Michigan State University Press

Ruth Simms Hamilton African Diaspora

John Smith, Will Wordsworth

Published by: Michigan State University Press

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Ruth Simms Hamilton African Diaspora

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The African Union's Africa

New Pan-African Initiatives in Global Governance

The African Union’s Africa: New Pan-African Initiatives in Global Governance examines the initiatives of the Pan-African global governance institution the African Union (AU) as the organization and its precursor commemorate their Jubilee as international actors. Taking a unique approach, the book seeks to explain the AU through a theoretical framework referred to as “the African Union phenomenon,” capturing the international organization’s efforts to transform the national politics of Africa as well as to globalize the practice of African politics. The authors examine Africa’s self-determined international norms and values such as Pan-Africanism, African Solutions to African Problems, Hybrid Democracy, Pax Africana, and the African Economic Community to demonstrate that Africa—the world’s least developed region—is composed of crucial values, institutions, agents, actors, and forces that are, through the AU, contributing to the advancement of contemporary global development. The book reveals how in the areas of cultural identity, democracy, security, and economic development Africans are infusing new politics, economics, and cultures into globalization representing the collective will and imprint of African agency, decisions, ideas, identities, practices, and contexts. Via a Pan-African vision, the AU is having both regional and global impact, generating exciting possibilities and complicated challenges.

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Brazilian-African Diaspora in Ghana

The Tabom, Slavery, Dissonance of Memory, Identity, and Locating Home

Brazilian-African Diaspora in Ghana is a fresh approach, challenging both pre-existing and established notions of the African Diaspora by engaging new regions, conceptualizations, and articulations that move the field forward. This book examines the untold story of freed slaves from Brazil who thrived socially, culturally, and economically despite the challenges they encountered after they settled in Ghana. Kwame Essien goes beyond the one-dimensional approach that only focuses on British abolitionists’ funding of freed slaves’ resettlements in Africa. The new interpretation of reverse migrations examines the paradox of freedom in discussing how emancipated Brazilian-Africans came under threat from British colonial officials who introduced stringent land ordinances that deprived the freed Brazilian- Africans from owning land, particularly “Brazilian land.” Essien considers anew contention between the returnees and other entities that were simultaneously vying for control over social, political, commercial, and religious spaces in Accra and tackles the fluidity of memory and how it continues to shape Ghana’s history. The ongoing search for lost connections with the support of the Brazilian government—inspiring multiple generations of Tabom (offspring of the returnees) to travel across the Atlantic and back, especially in the last decade—illustrates the unending nature of the transatlantic diaspora journey and its impacts.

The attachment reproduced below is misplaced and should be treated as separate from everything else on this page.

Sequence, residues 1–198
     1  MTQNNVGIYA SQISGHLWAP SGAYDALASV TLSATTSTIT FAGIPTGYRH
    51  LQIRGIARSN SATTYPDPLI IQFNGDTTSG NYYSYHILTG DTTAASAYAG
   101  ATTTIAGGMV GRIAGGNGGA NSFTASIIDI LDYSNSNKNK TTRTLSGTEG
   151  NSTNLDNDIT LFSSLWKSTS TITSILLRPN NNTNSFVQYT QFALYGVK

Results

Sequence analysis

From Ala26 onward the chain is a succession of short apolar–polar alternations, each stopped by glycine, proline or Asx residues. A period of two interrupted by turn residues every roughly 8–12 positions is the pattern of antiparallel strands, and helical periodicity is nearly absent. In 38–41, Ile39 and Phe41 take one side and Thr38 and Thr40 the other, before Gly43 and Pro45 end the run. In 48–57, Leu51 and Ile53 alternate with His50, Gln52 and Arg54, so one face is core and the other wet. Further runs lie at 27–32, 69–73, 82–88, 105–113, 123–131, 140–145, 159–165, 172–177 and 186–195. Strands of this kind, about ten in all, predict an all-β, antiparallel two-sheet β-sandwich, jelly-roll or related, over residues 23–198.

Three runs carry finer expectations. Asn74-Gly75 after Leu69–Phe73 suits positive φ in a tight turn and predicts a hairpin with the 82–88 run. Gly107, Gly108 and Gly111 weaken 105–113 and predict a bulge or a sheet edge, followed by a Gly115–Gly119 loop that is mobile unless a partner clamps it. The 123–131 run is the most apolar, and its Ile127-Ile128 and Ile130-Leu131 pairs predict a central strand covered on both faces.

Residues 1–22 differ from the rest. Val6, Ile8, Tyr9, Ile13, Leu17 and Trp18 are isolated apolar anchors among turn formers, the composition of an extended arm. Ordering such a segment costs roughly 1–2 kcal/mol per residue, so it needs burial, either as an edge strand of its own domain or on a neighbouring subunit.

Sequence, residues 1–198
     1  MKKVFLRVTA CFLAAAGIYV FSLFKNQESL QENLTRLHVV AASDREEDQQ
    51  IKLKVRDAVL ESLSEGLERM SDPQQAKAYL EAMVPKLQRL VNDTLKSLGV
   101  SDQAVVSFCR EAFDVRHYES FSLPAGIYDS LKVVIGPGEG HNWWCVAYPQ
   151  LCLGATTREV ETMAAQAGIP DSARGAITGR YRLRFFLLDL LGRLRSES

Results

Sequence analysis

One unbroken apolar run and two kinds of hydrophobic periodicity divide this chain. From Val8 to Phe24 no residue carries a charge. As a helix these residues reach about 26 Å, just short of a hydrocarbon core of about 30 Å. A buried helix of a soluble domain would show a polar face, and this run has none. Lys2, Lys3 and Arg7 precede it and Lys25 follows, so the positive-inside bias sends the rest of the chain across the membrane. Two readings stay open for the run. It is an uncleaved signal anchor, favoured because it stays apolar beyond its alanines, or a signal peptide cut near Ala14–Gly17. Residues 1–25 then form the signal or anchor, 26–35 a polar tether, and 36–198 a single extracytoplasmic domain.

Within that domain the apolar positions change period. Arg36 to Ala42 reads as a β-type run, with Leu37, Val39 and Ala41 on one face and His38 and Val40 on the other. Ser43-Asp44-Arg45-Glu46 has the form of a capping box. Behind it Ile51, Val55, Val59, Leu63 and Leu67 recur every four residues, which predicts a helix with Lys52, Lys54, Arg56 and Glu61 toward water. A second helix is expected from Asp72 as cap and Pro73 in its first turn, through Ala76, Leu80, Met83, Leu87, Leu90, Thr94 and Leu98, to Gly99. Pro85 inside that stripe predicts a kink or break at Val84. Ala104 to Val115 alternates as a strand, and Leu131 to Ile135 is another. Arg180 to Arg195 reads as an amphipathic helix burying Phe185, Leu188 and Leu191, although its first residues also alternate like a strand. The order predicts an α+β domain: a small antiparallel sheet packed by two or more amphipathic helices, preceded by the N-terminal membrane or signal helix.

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Decolonizing the Republic

African and Caribbean Migrants in Postwar Paris, 1946–1974

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Diverse Pathways

Race and the Incorporation of Black, White, and Arab-Origin Africans in the United States

Kevin J. A. Thomas